Volunteer Comments about their experiences in Bolivia


My name is Jo-Ann and I have been teaching ESL for 3 years. Teaching Teachers in Bolivia was a new adventure and experience. I still struggle with the words to fully capture how empowering the experience was and will be in the future. I would have to say, that empowering other teachers to do better and be better, in return empowered me to do better and be better. The end result in both countries is that our students will benefit, and they are what matter.


The trip has been phenomenal in many ways, and I would love to return here. I certainly will do another volunteer teaching type of tour somewhere. It's incredible to share my knowledge and learn from the locals, and they really make you welcome when you stay with them for an extended period, quite different from being a tourist. I have a lot to be thankful for, and truly appreciate all that we have in Canada. (Monica)


During the month of August 2014, I was fortunate to have the amazing opportunity to volunteer my time with Cathie’s program “Teachers for Teachers in Bolivia”. I had actually found Cathie’s program the previous year, but was unable to participate due to work and life obligations. Nonetheless, Cathie had emailed me a copy of the Journal write up she completes every year – post program – and I became even more interested in her community development work. We had emailed and skyped each other over the 2013-2014 year and in that August I found myself on a tiny plane to a small Amazonian village called “Rurre.” I think this was one of the most adventurous things I have done in my young life, and I’m glad Cathie was there to help me through – along every step of the journey, Cathie had provided me with tips, advice, stories, practical support and knowledge that would help me navigate life in this part of South America. For this, I am very grateful – so is my mother!

I actually am very new to the world of EAL teaching – I earned my CTESL (certificate in teaching English as a Second language) in 2013 and have been volunteering in my home province of Manitoba with an EAL program specifically for Newcomers. I also have a passion (addiction?) for travel, so being involved in a program where I can travel AND teach made complete sense. I also knew that I wanted to experience daily life and culture in another country, teach in an EFL (English as a Foreign Language) context and try to improve my Spanish.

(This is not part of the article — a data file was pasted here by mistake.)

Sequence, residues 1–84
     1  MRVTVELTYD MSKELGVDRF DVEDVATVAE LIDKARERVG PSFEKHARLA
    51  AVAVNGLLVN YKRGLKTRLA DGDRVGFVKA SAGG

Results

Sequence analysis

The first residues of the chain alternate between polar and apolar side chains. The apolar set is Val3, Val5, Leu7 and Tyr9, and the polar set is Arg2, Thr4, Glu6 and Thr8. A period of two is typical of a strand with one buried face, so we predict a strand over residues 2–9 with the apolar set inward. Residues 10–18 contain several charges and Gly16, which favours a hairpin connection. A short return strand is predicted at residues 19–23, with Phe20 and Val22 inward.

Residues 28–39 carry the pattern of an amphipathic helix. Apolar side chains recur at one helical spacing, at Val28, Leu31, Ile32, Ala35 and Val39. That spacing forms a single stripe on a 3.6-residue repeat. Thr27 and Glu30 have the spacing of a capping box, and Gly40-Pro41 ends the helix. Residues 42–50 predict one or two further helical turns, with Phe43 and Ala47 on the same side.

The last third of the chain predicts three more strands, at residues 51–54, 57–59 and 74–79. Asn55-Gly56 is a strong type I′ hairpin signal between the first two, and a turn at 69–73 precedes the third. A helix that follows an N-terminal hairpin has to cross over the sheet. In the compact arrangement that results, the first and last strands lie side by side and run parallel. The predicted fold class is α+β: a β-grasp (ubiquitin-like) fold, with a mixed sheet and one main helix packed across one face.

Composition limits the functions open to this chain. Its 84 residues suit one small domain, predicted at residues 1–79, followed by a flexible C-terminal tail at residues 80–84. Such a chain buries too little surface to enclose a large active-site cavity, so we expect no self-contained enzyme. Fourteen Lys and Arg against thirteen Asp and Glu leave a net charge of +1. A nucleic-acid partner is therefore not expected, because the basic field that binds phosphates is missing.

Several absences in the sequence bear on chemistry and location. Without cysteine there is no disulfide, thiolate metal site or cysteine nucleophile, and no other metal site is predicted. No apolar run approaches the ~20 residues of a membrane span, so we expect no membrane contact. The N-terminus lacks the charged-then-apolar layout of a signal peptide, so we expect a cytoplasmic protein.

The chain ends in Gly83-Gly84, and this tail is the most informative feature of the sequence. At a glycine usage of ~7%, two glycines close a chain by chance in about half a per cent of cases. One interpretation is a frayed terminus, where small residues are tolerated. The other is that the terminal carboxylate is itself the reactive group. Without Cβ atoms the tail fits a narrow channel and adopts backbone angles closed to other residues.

The teachers we were working with were fantastic – many were highly motivated and just a pleasure to work with. Although, this isn’t to say that working in a different culture doesn’t present certain unique challenges. Latin American culture as a whole is very different than working in a Canadian-Euro environment we are used to back home. For example, it wasn’t uncommon for our students to be consistently late each class for around 30-40 minutes. But cross cultural differences are to be expected, and shouldn’t be deterring. I feel that I have a strong connection to Rurrenabaque Bolivia, not only to the unique sights, sounds and foods, but also to the many friendships I have made with the teachers we were working with. I can’t wait to go back, and continue making a difference. I fully support this program of Cathie’s, and I hope others will consider volunteering with Teachers Teaching Teachers in Bolivia.

Stefani Kolochuk



I volunteered for Cathie's English project in Bolivia in August of 2014. She and I work for the same college in Calgary Alberta. Cathie’s passion for the project was contagious. We met up with with two other volunteers in Rurre, Bolivia, ready to teach to the local teachers who were expected to teach English in their schools but had neither the fluency themselves nor the teaching resources to do the job.
Getting classes organized and communicating with prospective participants was extremely challenging, but Cathie persevered and students arrived: not as many as anticipated, but enough enthusiastic learners to keep us busy in our morning, afternoon and evening classes. The interactive materials provided by Cathie provided a strong basis for our lessons. Cathie encouraged all the volunteers to model good language teaching techniques for our students to follow in their own classes.
When we were not teaching, we had plenty of opportunities to explore the community and beyond by going on excursions to the jungle and pampas areas near the town. I was also able to travel to other parts of Bolivia and on to Peru when I finished my volunteer stint. I would encourage future volunteers to do the same.
Living and working in a developing country, such as Bolivia, is so much richer an experience than just travelling there as a tourist. During my stay in Rurre, I quickly felt at home in the community with lots of opportunities to interact with the people with my limited Spanish or their limited English. In our basic accommodation, we experienced the realities of our students’ way of life: hot water, a working fan or electric kettle were rare luxuries. Household chores, food purchasing and preparation were such a major part of our female students’ lives that regular attendance at our free English classes was often impossible.
For anyone interested in a short-term teaching opportunity in Latin America, I highly recommend volunteering in Bolivia. You won’t regret it! (Joanne)